I find myself repeating the importance of breakfast over and over in the Diet and Fitness questions when people ask what they should eat, or why they aren't losing weight. So I thought I would post this.
LEARNING TO LOVE: How I Got My Son to Love Breakfast Michelle
Kowalski-Helle, 54, architect, Grayslake, Ill.
Like parents every where,
Michelle Kowalski-Helle, of Grayslake, Ill., marked and enjoyed each
developmental milestone her son Andrew reached. Crawling, walking, talking,
and by age 5, eating all sorts of new and different foods. There was just
one big hitch. Breakfast! says Kowalski- Helle. Eggs, oatmeal, breakfast
meats, cereals, he just hated them all. One by one Kowalski- Helle
introduced and reintroduced all of the American breakfast standards to no
avail. But then she thought, Andrew ate the vegetables, meats, and starches
she served at lunch and dinner, so why not offer those things at breakfast?
I thought, there's no reason the first meal of the day has to be the foods
we culturally identify as breakfast foods. It just needs to be nutritious.
Kowalski-Helle shifted the morning meal plan. Andrew, now 14, embraced
breakfast, eating last night's pasta with chicken and vegetables instead of
an omelet. It was a big relief for both of us. I liked seeing him go to
school feeling full and fueled up for the day. And he was a lot happier.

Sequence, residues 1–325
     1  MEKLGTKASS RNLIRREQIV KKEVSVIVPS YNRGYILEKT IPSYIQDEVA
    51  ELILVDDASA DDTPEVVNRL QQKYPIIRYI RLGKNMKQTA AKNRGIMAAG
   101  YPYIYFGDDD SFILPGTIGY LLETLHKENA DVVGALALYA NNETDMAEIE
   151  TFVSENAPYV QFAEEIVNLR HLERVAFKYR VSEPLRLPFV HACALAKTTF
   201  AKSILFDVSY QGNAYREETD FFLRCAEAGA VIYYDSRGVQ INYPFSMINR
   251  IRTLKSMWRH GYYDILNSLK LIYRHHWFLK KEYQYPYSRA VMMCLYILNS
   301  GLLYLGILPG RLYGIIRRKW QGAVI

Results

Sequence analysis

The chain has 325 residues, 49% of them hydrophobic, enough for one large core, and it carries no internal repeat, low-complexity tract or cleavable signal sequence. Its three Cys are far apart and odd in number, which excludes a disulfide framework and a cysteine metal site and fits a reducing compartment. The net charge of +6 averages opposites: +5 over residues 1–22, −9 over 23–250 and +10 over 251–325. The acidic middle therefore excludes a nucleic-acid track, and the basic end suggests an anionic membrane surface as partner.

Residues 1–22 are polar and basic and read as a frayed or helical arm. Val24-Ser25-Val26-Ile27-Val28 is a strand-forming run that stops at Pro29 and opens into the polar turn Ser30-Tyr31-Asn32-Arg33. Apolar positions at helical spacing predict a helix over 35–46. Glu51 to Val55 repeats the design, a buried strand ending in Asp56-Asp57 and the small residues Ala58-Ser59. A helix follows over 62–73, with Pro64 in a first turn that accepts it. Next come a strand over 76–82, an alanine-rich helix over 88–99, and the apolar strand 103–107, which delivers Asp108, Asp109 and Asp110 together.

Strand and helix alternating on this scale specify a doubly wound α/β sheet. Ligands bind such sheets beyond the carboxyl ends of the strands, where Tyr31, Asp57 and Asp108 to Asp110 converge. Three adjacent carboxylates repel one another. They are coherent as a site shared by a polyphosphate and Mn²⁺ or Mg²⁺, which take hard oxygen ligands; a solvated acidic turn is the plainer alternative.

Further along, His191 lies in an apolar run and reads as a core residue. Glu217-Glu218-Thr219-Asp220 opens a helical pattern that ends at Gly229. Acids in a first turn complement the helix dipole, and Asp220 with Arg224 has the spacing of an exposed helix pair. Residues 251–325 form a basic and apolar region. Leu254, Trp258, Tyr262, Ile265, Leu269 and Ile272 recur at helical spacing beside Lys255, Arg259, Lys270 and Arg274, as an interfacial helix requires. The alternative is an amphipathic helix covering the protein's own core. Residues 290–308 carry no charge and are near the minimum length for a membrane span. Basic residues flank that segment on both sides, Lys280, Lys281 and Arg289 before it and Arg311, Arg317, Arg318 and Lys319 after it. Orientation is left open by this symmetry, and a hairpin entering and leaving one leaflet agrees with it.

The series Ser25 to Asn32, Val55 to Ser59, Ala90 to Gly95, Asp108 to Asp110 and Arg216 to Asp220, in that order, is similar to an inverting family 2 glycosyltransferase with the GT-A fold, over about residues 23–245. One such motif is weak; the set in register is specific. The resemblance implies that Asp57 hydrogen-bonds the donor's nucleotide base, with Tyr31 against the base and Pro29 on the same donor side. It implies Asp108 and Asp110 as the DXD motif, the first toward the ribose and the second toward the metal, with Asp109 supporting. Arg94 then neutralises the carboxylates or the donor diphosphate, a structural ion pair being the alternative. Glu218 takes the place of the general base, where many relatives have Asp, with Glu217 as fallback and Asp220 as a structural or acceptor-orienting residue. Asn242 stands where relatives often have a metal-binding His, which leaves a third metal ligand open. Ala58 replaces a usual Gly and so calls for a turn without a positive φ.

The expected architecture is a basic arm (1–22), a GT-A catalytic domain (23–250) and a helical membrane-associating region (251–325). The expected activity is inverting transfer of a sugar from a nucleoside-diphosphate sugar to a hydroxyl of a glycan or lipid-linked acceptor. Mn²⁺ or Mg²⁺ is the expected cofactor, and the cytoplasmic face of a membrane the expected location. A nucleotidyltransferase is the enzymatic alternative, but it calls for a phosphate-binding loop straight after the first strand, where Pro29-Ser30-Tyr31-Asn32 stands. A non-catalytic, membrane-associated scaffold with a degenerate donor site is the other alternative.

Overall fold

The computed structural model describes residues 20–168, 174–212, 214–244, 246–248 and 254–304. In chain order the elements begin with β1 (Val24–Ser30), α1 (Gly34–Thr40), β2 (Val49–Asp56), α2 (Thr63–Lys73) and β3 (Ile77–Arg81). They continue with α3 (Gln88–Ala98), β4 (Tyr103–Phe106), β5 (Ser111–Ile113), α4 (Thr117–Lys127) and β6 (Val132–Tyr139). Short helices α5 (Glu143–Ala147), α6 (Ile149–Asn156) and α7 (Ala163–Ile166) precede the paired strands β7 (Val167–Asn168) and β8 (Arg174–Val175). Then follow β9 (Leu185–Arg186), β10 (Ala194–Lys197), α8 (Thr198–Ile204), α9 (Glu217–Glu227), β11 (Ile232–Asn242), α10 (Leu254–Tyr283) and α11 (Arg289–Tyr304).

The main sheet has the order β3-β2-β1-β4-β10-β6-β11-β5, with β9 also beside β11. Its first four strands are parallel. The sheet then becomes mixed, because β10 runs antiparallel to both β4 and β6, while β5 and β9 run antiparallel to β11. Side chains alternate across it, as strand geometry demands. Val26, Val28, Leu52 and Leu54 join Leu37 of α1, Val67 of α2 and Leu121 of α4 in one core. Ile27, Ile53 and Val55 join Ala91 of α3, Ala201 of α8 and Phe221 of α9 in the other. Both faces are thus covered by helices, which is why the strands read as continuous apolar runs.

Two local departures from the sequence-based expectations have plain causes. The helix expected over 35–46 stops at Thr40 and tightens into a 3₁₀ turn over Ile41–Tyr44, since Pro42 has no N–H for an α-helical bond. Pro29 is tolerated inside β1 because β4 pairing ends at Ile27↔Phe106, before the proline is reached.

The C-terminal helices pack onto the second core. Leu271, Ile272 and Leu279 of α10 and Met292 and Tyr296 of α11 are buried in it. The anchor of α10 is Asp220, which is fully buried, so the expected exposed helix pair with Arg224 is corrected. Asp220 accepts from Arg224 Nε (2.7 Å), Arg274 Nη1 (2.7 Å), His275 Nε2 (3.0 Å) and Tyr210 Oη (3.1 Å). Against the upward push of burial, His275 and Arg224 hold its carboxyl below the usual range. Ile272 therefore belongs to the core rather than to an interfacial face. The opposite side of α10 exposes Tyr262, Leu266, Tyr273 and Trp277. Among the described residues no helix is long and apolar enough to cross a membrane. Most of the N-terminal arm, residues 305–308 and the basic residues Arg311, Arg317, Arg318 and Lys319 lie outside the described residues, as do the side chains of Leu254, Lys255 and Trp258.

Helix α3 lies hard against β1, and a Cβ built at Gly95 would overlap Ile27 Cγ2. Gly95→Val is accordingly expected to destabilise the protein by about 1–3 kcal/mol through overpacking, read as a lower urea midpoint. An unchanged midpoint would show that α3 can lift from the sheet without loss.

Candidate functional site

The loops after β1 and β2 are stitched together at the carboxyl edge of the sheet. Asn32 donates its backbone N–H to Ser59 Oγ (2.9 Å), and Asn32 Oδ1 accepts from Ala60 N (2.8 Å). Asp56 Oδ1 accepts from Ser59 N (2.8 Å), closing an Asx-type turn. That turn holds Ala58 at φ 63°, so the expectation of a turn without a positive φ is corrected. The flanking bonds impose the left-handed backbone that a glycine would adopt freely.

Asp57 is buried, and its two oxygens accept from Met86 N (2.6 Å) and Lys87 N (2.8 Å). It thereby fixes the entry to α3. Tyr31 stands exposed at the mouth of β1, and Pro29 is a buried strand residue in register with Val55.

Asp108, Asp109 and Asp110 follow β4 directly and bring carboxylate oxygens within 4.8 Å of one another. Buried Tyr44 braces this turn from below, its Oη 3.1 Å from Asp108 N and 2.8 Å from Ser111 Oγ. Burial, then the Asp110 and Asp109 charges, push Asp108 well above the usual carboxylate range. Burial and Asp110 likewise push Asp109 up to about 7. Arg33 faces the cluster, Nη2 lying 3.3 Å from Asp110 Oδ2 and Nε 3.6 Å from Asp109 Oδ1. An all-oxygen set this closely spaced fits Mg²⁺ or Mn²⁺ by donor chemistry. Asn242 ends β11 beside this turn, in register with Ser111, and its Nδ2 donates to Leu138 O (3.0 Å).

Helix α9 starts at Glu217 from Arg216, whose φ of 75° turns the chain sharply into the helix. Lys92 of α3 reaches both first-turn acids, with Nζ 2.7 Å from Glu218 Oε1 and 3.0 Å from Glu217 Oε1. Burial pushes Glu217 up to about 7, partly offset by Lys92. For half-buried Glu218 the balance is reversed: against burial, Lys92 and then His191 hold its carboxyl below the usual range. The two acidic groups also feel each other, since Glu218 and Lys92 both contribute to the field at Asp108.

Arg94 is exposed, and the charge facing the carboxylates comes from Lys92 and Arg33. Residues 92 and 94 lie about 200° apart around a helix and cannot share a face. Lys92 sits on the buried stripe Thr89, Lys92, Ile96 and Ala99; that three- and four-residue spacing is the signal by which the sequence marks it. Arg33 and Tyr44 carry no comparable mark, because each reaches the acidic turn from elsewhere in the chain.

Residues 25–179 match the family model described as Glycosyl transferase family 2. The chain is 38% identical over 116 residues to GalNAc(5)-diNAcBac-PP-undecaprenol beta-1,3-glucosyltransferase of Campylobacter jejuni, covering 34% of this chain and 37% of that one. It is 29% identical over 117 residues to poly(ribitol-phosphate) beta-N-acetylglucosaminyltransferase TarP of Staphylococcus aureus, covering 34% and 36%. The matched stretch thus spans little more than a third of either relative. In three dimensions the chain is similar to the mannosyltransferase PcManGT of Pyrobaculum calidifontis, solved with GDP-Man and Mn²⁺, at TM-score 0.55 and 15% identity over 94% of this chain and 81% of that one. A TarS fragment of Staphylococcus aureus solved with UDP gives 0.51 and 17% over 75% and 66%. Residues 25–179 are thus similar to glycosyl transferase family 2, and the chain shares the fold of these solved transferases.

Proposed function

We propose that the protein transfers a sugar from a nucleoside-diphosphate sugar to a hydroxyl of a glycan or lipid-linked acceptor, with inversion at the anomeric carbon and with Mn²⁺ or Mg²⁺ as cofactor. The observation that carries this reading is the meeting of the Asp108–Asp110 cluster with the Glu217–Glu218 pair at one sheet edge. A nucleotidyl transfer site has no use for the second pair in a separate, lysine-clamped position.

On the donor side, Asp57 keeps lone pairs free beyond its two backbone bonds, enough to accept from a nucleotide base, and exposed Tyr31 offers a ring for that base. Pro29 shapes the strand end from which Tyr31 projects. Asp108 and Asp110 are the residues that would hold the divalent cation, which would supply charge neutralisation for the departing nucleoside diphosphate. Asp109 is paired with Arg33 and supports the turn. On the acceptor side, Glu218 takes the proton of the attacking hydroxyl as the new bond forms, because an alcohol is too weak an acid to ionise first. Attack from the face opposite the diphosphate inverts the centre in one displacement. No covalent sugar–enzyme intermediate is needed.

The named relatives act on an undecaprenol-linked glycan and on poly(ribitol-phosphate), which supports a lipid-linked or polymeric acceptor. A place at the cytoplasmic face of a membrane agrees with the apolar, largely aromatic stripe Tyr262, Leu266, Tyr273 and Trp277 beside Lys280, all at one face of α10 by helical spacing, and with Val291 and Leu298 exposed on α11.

-Monica Kass Rogers Reviewed by Kathleen Zelman, MPH, RD, LD WebMD Food &
Nutrition Expert Power Aid A lot of Americans balk at breakfast, says
Kristin Kirkpatrick, MS, RD, and manager of wellness nutrition services at
the Cleveland Clinic in Ohio. Some, like Andrew, just don't like traditional
breakfast foods. Still others say they just can't stomach food early in the
day. Stress, lack of sleep, or eating too late at night-all of those things
can dampen the healthy desire to eat when your body needs it in the
morning," says Kirkpatrick. But, she says, your body really does need
breakfast-preferably within an hour of rising- so your empty tank gets
refueled. And that doesn't mean a sugary donut and heavy-cream coffee,
things that will give you a burst of energy and then leave you crashing an
hour later. You want something that will fill you up, keep you satisfied,
give you as many nutrients as possible, and keep your blood sugar at an even
keel," says Kirkpatrick, who recommends a breakfast made up of about 55% to
60% complex carbs for fiber and energy (vegetables, fresh fruits, and whole
grains), 30% to 35% protein for staying power and satiety (lean meats, fish,
eggs, and low-fat dairy), and 15% to 20% healthy fat such as olive oil,
seed, or nut butters, also for satiety and energy. (Exact ratio depends on
age, weight, and activity level.
Answer by mrsmom110 at 7:26 PM on Jul. 6, 2013
Answer by Dardenella at 1:30 AM on Jul. 7, 2013
Answer by goldpandora at 2:46 AM on Jul. 7, 2013